Just to ask first, is there any chance this is a religious thing? (E.g., are most of the guys are of a religion that doesn’t allow women to work with men in such close physical contact?)

My advice would be to talk to your instructor and explain that you are serious about training BJJ and are not there to pick up guys. That this limited training is not fair to either you or your partner. That you understand that some of the wives/girlfriends may be uncomfortable with you training with their husbands/boyfriends, and that you would agree to not train with those men, if he’ll tell you who those men are. Because once you know who not to train with, and they also know that you know not to train with them, then you can just amicably avoid each other when switching partners. And once he tells you, go talk to those guys before/after class and let them know that you’re aware of the situation.

Or, if he’s uncomfortable telling you who (at which I would call “weenie”), then ask him to be in charge of pairing you up with the “safe” guys. (The guys in your class, by the way, are first-class weenies for not telling you one-on-one that their wife/gf won’t let them train with you to start with.)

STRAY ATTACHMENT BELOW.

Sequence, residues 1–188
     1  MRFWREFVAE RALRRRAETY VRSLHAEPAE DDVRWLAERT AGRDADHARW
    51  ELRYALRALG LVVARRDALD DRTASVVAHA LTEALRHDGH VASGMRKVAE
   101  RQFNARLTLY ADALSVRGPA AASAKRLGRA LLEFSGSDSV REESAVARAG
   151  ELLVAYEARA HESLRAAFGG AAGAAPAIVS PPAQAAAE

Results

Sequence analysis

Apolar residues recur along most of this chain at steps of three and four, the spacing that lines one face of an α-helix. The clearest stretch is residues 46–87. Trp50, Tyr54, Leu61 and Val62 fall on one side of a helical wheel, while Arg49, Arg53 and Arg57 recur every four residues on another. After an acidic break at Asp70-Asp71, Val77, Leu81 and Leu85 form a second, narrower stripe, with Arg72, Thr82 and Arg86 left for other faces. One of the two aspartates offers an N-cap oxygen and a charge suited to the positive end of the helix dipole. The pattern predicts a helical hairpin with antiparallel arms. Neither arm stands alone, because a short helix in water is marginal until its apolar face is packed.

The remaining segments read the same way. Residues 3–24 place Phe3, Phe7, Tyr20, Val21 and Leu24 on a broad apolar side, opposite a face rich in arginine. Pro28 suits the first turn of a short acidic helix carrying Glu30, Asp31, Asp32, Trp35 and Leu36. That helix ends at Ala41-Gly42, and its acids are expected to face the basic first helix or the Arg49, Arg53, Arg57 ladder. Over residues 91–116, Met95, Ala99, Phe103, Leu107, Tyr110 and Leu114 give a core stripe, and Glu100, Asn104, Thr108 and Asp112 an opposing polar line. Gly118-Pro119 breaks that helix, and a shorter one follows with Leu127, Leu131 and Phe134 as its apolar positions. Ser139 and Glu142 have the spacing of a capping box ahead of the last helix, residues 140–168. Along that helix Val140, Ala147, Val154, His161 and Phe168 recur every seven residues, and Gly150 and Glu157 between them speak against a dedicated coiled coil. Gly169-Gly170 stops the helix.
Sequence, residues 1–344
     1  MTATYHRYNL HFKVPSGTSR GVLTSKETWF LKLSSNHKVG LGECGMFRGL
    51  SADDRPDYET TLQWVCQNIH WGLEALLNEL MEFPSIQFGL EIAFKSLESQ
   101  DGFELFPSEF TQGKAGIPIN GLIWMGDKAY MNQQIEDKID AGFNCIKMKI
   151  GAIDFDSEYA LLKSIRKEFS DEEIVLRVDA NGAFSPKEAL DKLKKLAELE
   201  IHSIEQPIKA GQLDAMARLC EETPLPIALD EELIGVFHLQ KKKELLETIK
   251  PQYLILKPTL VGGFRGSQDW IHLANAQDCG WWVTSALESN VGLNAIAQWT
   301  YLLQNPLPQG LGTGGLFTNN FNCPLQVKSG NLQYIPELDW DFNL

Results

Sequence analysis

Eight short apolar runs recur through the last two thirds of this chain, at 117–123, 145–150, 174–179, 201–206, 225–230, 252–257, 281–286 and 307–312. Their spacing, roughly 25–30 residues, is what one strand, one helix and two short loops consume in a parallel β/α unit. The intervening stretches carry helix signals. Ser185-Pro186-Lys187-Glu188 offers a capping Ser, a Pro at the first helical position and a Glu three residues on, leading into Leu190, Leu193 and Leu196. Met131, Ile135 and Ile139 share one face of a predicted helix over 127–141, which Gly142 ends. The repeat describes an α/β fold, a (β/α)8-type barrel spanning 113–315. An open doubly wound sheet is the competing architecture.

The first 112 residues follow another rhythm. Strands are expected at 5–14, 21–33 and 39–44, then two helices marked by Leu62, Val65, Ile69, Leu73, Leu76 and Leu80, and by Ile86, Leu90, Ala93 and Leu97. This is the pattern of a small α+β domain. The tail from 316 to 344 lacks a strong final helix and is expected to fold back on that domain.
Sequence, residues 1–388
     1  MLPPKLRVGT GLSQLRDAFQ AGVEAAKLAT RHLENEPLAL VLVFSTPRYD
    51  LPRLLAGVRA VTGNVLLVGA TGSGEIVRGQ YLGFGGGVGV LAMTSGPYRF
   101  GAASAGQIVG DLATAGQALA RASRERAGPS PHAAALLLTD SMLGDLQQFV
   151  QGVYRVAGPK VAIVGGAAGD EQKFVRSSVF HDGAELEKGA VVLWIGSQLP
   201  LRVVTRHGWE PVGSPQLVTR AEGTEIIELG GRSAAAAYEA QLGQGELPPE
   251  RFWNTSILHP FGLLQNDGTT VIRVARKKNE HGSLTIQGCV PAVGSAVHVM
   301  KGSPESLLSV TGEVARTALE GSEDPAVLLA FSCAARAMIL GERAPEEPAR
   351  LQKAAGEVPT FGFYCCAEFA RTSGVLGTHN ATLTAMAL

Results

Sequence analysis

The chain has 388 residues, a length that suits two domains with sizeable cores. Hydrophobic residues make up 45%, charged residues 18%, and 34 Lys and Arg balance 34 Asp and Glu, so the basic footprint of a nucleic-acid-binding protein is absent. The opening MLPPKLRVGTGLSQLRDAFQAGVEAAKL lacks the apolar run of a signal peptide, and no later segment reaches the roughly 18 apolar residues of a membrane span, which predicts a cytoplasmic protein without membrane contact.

I would not, if I were you, insist that those men train with you.

Obviously, of course, be professional and focused in class.

Finally, is there any way you can meet these wives/girlfriends? Do they ever come to the gym and watch class? Although I don’t know what it means to be a jealous & insecure significant other, I would hope that meeting you might dissipate some of that.